Duncan's versatility enables him to be a valuable offensive contributor even when his shot isn't falling with any frequency, but he's been a rather ineffective scorer against the Memphis Grizzlies. 

    I hate to even suggest this, but could Duncan be starting to wear down? He is, after all, 37 years old and coming off a series against the Golden State Warriors in which he played 35.7 minutes per game. 

5. Roy Hibbert (Previous Ranking: No. 10)

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    Team: Indiana Pacers

    Position: C

    Age: 26

    Regular-Season Stats: 11.9 points, 8.3 rebounds, 1.4 assists, 0.5 steals, 2.6 blocks, 17.3 PER

    Postseason Stats: 14.4 points, 9.5 rebounds, 1.5 assists, 0.2 steals, 2.5 blocks, 19.3 PER

    Everything is clicking for Roy Hibbert during the postseason. 

    No player has protected the rim better than the centerpiece of the Indiana Pacers defense. That includes defensive standouts like Marc Gasol and Tim Duncan. When he's in the game, offenses are forced to adjust rather drastically. 

    In Game 1 of the Eastern Conference Finals, LeBron James visibly looked hesitant to attack the basket when Hibbert was patrolling the paint.

    The big man has also started to get things clicking on offense. His jump hook is devastating, and the shots are falling with much greater frequency than they were at the beginning of the 2012-13 season. Hibbert's slump to start the year is now firmly rooted in the distant past.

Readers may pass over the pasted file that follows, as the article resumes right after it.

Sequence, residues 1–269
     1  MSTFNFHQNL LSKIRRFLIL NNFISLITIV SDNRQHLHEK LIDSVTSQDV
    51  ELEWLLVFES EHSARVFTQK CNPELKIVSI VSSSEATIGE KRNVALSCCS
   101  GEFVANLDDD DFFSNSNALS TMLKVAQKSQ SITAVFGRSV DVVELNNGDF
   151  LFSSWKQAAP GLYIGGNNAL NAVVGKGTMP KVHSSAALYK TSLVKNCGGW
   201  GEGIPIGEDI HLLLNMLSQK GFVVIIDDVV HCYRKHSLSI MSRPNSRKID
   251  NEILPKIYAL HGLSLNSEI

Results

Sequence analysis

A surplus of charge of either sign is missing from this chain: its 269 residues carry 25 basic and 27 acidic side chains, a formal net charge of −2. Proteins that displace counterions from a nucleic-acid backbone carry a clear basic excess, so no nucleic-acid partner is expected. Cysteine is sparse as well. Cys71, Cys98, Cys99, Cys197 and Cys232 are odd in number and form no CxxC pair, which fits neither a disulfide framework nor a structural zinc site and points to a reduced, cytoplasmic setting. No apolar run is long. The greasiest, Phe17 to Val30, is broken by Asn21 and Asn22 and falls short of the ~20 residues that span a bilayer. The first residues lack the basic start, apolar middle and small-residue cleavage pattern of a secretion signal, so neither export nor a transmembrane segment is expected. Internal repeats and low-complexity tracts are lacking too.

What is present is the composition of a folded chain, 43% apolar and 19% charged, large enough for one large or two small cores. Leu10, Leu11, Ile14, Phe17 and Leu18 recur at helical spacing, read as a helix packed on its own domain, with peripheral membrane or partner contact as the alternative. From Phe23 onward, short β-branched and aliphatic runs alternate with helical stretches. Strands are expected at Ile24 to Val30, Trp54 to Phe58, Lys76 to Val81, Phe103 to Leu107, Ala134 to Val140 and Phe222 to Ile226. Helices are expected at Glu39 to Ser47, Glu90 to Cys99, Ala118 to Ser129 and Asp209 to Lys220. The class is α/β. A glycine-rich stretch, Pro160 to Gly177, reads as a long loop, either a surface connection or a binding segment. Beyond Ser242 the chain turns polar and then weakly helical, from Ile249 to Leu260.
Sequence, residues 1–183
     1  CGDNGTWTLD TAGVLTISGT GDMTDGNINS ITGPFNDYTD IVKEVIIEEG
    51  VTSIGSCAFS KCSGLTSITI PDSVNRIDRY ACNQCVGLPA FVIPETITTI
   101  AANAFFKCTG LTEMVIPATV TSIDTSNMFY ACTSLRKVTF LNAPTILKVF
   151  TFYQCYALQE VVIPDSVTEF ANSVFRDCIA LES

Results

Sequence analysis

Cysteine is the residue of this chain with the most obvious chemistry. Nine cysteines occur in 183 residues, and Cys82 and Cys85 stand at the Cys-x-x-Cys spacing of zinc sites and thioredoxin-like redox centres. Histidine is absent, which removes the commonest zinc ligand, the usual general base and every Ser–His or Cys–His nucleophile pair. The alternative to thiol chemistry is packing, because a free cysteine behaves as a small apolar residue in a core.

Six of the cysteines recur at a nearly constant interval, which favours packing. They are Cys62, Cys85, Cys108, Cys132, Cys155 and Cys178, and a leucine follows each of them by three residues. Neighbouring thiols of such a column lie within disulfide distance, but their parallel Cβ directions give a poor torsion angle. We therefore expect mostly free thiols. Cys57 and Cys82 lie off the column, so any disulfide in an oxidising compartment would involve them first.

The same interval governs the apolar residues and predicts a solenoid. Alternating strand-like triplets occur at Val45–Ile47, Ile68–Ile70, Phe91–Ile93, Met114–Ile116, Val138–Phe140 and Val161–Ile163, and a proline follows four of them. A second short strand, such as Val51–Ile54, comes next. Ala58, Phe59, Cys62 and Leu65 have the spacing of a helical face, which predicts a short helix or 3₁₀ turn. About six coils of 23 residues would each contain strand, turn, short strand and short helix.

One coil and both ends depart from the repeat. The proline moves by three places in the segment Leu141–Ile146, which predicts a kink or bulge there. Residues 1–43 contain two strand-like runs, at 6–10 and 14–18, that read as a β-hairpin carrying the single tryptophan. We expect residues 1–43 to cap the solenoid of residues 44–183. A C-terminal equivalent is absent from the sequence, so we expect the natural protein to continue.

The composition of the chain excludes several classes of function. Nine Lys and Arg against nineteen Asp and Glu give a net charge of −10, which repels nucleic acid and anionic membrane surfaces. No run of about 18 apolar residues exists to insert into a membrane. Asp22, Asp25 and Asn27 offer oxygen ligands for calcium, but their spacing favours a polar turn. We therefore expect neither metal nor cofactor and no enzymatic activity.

4. Marc Gasol (Previous Ranking: No. 4)

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    Team: Memphis Grizzlies

    Position: C

    Age: 28

    Regular-Season Stats: 14.1 points, 7.8 rebounds, 4.0 assists, 1.0 steals, 1.7 blocks, 19.5 PER

    Postseason Stats: 17.5 points, 8.3 rebounds, 2.9 assists, 0.8 steals, 2.2 blocks, 20.4 PER

    Marc Gasol played incredible basketball against the Russell Westbrook-less Oklahoma City Thunder, but it's been a different story against the San Antonio Spurs. 

    He's done a great job limiting the offensive effectiveness of Tim Duncan, but the same can be said about the work Duncan has done controlling him. Through two games against The Big Fundamental and Tiago Splitter, Gasol has averaged 13.5 points, 10.5 rebounds and 3.0 assists per contest on 39.3 percent shooting from the field. 

    While he's turned the ball over only once against San Antonio, he's also played with an astounding lack of aggressiveness. Gasol has only made six trips to the line, and he's more hesitant to actively create looks for his teammates with his superb passing. 

    Expect the Spaniard to bounce back, but the last few games haven't exactly reached the otherworldly level we've come to expect from this 7-footer. 

3. Paul George (Previous Ranking: No. 5)

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    Team: Indiana Pacers

    Position: SG/SF

    Age: 23

    Regular-Season Stats: 17.4 points, 7.6 rebounds, 4.1 assists, 1.8 steals, 0.6 blocks, 16.8 PER

    Postseason Stats: 19.7 points, 7.9 rebounds, 5.0 assists, 1.6 steals, 0.5 blocks, 17.1 PER

    I wish I could have seen Paul George's face when he realized that he'd just controlled Carmelo Anthony for an entire series and was being rewarded with the opportunity to defend LeBron James. From one easy matchup to another, right? 

    During Game 1 against the Miami Heat, though, George actually outplayed the league MVP for large portions of the proceedings. He was fantastic during the end of regulation, especially when he hit a ridiculous game-tying three-pointer to send the game to overtime.